Space Science Reviews

, Volume 212, Issue 1–2, pp 585–600 | Cite as

The MIGHTI Wind Retrieval Algorithm: Description and Verification

  • Brian J. HardingEmail author
  • Jonathan J. Makela
  • Christoph R. Englert
  • Kenneth D. Marr
  • John M. Harlander
  • Scott L. England
  • Thomas J. Immel
Part of the following topical collections:
  1. The Ionospheric Connection Explorer (ICON) mission


We present an algorithm to retrieve thermospheric wind profiles from measurements by the Michelson Interferometer for Global High-resolution Thermospheric Imaging (MIGHTI) instrument on NASA’s Ionospheric Connection Explorer (ICON) mission. MIGHTI measures interferometric limb images of the green and red atomic oxygen emissions at 557.7 nm and 630.0 nm, spanning 90–300 km. The Doppler shift of these emissions represents a remote measurement of the wind at the tangent point of the line of sight. Here we describe the algorithm which uses these images to retrieve altitude profiles of the line-of-sight wind. By combining the measurements from two MIGHTI sensors with perpendicular lines of sight, both components of the vector horizontal wind are retrieved. A comprehensive truth model simulation that is based on TIME-GCM winds and various airglow models is used to determine the accuracy and precision of the MIGHTI data product. Accuracy is limited primarily by spherical asymmetry of the atmosphere over the spatial scale of the limb observation, a fundamental limitation of space-based wind measurements. For 80% of the retrieved wind samples, the accuracy is found to be better than 5.8 m/s (green) and 3.5 m/s (red). As expected, significant errors are found near the day/night boundary and occasionally near the equatorial ionization anomaly, due to significant variations of wind and emission rate along the line of sight. The precision calculation includes pointing uncertainty and shot, read, and dark noise. For average solar minimum conditions, the expected precision meets requirements, ranging from 1.2 to 4.7 m/s.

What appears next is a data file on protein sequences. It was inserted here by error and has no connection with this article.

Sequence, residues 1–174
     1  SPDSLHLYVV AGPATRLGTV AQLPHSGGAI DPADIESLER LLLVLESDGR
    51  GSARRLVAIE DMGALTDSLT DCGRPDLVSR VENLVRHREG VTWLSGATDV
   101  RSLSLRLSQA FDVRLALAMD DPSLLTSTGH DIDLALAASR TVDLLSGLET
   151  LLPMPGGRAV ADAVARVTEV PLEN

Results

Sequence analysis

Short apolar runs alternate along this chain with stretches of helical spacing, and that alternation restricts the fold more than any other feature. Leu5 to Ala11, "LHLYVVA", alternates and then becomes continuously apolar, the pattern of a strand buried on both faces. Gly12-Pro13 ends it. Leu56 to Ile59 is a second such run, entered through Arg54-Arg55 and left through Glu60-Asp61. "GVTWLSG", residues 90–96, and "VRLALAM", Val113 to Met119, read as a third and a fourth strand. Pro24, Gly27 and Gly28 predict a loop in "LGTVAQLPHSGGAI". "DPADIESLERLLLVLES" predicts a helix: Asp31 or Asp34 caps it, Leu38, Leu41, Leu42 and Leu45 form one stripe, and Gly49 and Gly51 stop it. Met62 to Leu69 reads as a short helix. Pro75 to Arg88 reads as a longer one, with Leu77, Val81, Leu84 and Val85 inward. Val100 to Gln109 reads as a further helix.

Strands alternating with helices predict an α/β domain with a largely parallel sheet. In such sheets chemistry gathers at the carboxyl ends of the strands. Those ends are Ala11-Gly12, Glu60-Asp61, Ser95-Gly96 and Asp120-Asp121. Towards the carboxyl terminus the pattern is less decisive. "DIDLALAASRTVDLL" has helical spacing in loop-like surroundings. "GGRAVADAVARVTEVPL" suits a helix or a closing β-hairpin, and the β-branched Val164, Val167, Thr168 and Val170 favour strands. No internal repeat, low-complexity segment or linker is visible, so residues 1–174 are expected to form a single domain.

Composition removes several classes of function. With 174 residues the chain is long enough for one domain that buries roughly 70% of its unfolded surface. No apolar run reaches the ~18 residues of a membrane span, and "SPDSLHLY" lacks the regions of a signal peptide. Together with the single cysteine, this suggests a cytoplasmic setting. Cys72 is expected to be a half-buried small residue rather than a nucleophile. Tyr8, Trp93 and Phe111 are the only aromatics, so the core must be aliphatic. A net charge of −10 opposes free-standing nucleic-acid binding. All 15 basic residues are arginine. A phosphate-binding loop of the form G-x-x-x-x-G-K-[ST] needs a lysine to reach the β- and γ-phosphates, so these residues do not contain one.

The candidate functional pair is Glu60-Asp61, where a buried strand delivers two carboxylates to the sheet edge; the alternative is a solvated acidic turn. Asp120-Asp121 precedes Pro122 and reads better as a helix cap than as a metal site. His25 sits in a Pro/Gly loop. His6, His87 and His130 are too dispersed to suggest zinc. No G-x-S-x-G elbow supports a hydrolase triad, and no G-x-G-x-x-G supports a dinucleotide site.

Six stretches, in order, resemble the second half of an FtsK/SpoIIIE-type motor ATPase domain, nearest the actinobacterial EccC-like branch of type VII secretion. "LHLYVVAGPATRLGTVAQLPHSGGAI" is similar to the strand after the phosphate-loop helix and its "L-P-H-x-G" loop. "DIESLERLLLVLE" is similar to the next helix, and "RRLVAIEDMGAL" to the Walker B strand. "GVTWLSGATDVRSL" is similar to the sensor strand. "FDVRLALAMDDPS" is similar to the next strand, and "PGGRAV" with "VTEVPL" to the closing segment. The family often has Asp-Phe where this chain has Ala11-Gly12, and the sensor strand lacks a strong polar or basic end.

Thermospheric winds Limb imaging Interferometry Inverse theory 



B.J.H. was supported by the National Science Foundation Graduate Research Fellowship under Grant No. DGE-1144245. ICON is supported by NASA’s Explorers Program through contracts NNG12FA45C and NNG12FA42I. This work uses pyglow, a Python package that wraps several upper atmosphere climatological models. The pyglow package is open-sourced and available at The authors thank the ICON team for helpful comments. The primary contact for the ICON MIGHTI Level 2 wind products is Jonathan J. Makela (


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Copyright information

© Springer Science+Business Media Dordrecht 2017

Authors and Affiliations

  • Brian J. Harding
    • 1
    Email author
  • Jonathan J. Makela
    • 1
  • Christoph R. Englert
    • 2
  • Kenneth D. Marr
    • 2
  • John M. Harlander
    • 3
    • 6
  • Scott L. England
    • 4
  • Thomas J. Immel
    • 5
  1. 1.Department of Electrical and Computer EngineeringUniversity of Illinois at Urbana-ChampaignUrbanaUSA
  2. 2.Space Science DivisionNaval Research LaboratoryWashingtonUSA
  3. 3.Department of PhysicsSt. Cloud State UniversitySt. CloudUSA
  4. 4.Department of Aerospace and Ocean EngineeringVirginia Polytechnic Institute and State UniversityBlacksburgUSA
  5. 5.Space Sciences LaboratoryUniversity of California BerkeleyBerkeleyUSA
  6. 6.Space Systems Research CorporationAlexandriaUSA

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